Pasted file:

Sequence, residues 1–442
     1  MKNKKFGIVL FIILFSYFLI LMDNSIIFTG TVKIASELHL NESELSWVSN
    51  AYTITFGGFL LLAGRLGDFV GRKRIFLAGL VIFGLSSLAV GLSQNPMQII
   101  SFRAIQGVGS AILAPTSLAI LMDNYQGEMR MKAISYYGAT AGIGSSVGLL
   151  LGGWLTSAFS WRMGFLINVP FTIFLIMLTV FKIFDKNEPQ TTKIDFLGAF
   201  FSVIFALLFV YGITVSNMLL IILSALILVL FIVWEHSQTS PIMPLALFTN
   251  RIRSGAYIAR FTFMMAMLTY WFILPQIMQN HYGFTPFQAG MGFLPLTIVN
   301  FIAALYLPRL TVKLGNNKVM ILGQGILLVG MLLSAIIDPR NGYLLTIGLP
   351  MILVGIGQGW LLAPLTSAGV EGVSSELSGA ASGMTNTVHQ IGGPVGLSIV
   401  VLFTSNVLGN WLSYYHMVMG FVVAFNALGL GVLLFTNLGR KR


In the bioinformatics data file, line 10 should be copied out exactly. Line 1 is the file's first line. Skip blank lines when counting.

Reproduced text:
   401  VLFTSNVLGN WLSYYHMVMG FVVAFNALGL GVLLFTNLGR KR